Q. The US men's gymnastics team?
MARDY FISH: Yeah. One of the guys went to eat lunch with us today. He had his medal in his little pouch thing because he was going to show it to his dad. I got to put it around my neck. It was pretty heavy.
Q. Do you remember who it was?
MARDY FISH: It wasn't the brothers. It was the guy that has tattoos on his leg, like down on the bottom. He's really small.
MARDY FISH: That's probably it.
Q. Short, stocky, chews tobacco?
MARDY FISH: Yeah, chews tobacco. Nice guy though, yeah. I mean, we were watching women's gymnastics last night. One of the American girls kind of had a little stumble in the normal routine. It was kind of weird where she kind of fell. They just went, "Oh, my God." I mean, all the guys from every different sport are showing us. I don't know anything about volleyball, gymnastics, Judo. It's so much fun to learn.
Q. They were showing you and Andy the medals?
MARDY FISH: And our assistant coach. We have actually a pretty big place. It's nice. It's like a four-bedroom place. We have my room, Andy's room, Dean's room, and the guest room I guess they call it. Venus came and stayed a couple times, Vince, the Bryan brothers. Everybody came once except for Taylor.
Q. Did you play anything else in high school?
MARDY FISH: I played everything. I still love golf. I still play golf all the time. I played basketball in high school with Andy. I played basketball till I was 16. I played a lot of sports.
Q. Is it starting to seem real to you, what you're doing?
MARDY FISH: I mean, I'm trying to take it as normal as a tournament as I can, saying, "I'm in the quarters of the tournament," then see how far I can go, and suffer the consequences if I win the tournament or lose the tournament or finish fourth or whatever. I want to win two more matches. My goal coming here was to win a medal.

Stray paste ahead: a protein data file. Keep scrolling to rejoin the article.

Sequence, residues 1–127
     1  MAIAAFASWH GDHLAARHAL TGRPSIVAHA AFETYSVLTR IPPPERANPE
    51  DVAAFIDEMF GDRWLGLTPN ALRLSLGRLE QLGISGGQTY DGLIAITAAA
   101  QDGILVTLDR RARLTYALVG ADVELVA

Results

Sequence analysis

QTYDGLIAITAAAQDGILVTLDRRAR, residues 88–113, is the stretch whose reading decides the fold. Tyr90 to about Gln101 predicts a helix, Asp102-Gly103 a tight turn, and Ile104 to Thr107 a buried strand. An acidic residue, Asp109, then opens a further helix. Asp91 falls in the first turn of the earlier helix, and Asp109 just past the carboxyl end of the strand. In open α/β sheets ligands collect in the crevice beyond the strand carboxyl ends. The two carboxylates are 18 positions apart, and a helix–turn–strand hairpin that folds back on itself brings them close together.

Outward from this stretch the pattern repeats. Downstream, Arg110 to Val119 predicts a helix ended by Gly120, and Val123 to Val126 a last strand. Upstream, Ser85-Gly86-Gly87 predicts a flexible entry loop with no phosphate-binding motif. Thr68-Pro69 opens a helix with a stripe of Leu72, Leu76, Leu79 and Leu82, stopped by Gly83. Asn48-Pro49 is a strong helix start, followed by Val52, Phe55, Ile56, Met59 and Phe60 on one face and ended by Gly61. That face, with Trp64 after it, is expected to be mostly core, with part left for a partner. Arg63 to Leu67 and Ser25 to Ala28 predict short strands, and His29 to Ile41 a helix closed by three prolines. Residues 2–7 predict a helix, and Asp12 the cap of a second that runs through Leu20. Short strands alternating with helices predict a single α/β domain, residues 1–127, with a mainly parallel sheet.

Q. Two more will do that?
MARDY FISH: And it hasn't changed. Yes, two more will do that.
Q. Has it changed that all the American women are out?
MARDY FISH: All the American women are out?
Q. Except for Lisa and Martina. Andy went out. Does it change anything for you?
MARDY FISH: No. I mean, unless he comes back late and keeps me up, wakes me up. No, it doesn't. I mean, it's a bummer that your friends don't achieve their goals. I mean, I grew up with Andy. I know that he's doing what he loves to do. I mean, the guy, he loves tennis. It was his goal, his dream his whole life to win the US Open and be No. 1 in the world, and he's already achieved that. I'm just a friend who is extremely happy for another friend to achieve his goals. I know that one of his goals was to win a gold medal. I'm sure he's bummed out. But he said in there, in four years he'd try again.
End of FastScriptsâ€¦.